Economic Decisions © 2014 Created by Sally Camden ~ The Reflective Educator ~ www.thereflectiveeducator.com

Download Economic Decisions © 2014 Created by Sally Camden ~ The Reflective Educator ~ www.thereflectiveeducator.com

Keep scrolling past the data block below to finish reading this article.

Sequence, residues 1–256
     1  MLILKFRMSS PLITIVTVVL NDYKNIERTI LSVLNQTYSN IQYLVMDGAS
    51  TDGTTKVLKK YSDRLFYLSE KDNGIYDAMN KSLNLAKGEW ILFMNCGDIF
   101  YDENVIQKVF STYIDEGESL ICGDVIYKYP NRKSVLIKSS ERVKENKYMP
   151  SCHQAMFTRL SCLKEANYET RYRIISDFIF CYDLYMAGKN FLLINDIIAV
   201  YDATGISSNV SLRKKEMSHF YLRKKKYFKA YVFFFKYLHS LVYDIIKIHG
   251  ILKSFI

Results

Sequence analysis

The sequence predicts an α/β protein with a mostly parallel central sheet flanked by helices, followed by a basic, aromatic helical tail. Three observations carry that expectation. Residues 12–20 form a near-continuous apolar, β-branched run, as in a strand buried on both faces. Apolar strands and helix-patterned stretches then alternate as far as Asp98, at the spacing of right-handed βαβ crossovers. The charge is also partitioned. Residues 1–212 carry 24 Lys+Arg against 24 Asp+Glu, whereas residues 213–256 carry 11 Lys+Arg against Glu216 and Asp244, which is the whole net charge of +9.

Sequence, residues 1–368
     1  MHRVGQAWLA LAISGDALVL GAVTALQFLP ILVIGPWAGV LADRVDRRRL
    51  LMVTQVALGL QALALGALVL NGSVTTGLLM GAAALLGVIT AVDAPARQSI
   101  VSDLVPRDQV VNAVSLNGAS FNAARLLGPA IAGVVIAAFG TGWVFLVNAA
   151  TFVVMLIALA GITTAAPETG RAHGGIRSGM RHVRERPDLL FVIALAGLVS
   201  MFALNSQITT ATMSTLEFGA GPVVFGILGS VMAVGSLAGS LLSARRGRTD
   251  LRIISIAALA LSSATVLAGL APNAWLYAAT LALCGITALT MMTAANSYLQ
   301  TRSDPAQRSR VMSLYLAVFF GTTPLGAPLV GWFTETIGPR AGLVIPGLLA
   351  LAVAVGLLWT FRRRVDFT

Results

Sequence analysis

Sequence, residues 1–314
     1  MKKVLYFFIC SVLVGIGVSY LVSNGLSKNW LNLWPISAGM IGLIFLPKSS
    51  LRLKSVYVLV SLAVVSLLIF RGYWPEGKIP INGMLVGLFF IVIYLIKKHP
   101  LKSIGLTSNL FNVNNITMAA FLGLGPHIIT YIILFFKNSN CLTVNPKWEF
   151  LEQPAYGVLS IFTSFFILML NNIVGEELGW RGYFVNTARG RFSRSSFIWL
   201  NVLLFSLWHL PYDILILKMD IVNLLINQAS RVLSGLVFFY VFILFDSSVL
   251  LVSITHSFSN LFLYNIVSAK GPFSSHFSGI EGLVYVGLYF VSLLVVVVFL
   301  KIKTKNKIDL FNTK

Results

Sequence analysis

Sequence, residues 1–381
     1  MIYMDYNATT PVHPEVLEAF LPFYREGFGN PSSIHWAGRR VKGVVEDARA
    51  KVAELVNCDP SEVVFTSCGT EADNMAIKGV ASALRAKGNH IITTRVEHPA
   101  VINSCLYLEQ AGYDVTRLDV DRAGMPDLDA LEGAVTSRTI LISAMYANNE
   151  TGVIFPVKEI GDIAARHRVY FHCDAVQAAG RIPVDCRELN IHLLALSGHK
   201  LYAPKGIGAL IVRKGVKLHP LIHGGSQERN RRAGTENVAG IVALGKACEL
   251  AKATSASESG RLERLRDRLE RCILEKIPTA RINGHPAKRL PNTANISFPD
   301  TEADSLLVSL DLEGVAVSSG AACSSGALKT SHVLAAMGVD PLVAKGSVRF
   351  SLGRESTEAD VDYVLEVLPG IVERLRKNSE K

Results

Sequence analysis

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<ul><li> Slide 1 </li> <li> Economic Decisions 2014 Created by Sally Camden ~ The Reflective Educator ~ www.thereflectiveeducator.com </li> <li> Slide 2 </li> <li> Introduction You make decisions every day. You decide what to wear, what to eat and what to watch on TV. Consumers, businesses and governments also make decisions. Our decisions affect other people and businesses. 2014 Created by Sally Camden ~ The Reflective Educator ~ www.thereflectiveeducator.com </li> <li> Slide 3 </li> <li> Not Enough Resources Producers rely on different types of resources to make goods and services. The amount of resources is limited. As a result, the goods and services that can be made are also limited. However, what we want and need is not limited. 2014 Created by Sally Camden ~ The Reflective Educator ~ www.thereflectiveeducator.com </li> <li> Slide 4 </li> <li> Scarcity Scarcity is when there are not enough resources for everyone to have what they want. Some things are scarcer than others. Gold is scarcer than trees. Diamonds are scarcer than doughnuts. When something is scarce, it costs more to buy it. 2014 Created by Sally Camden ~ The Reflective Educator ~ www.thereflectiveeducator.com </li> <li> Slide 5 </li> <li> Making Decisions As a result of scarcity, people must make decisions. Consumers must decide which products to buy. Producers must choose which products to make. When a choice is made, others choices are given up. The next best choice given up when you make a decision is the opportunity cost. 2014 Created by Sally Camden ~ The Reflective Educator ~ www.thereflectiveeducator.com </li> <li> Slide 6 </li> <li> Opportunity Cost Opportunity cost is not how much money you spend to buy something. It is what you gave up instead. Suppose you have $20 to spend. While shopping, you notice a sweater you like and a new book by your favorite author. They each cost $17. You cannot buy them both. What will you decide? If you buy the sweater, then the opportunity cost is the new book. You gave up the book so you could have the sweater. 2014 Created by Sally Camden ~ The Reflective Educator ~ www.thereflectiveeducator.com </li> <li> Slide 7 </li> <li> More Than Money Not all decisions involve money. What if your friend invited you to a birthday party but you already had a camping trip planned that day? If you decide to go to the party, the opportunity cost (what you gave up) was the fun you would have while camping. Opportunity cost is the value of the next best choice. 2014 Created by Sally Camden ~ The Reflective Educator ~ www.thereflectiveeducator.com </li> <li> Slide 8 </li> <li> A Web of Decisions Consumers and producers make decisions that affect each other in many ways. If you buy the sweater instead of the book, the clothing store gets your money. The book store doesnt. The clothing store now has money to pay the sales clerk who sold you the sweater. The sales clerk gets paid and spends her income on other products. Every decision affects other people and businesses. 2014 Created by Sally Camden ~ The Reflective Educator ~ www.thereflectiveeducator.com </li> <li> Slide 9 </li> <li> scarcity When there are not enough resources for everyone to have what they want. 2014 Created by Sally Camden ~ The Reflective Educator ~ www.thereflectiveeducator.com </li> <li> Slide 10 </li> <li> opportunity cost The next best choice given up when you make a decision. 2014 Created by Sally Camden ~ The Reflective Educator ~ www.thereflectiveeducator.com </li> </ul>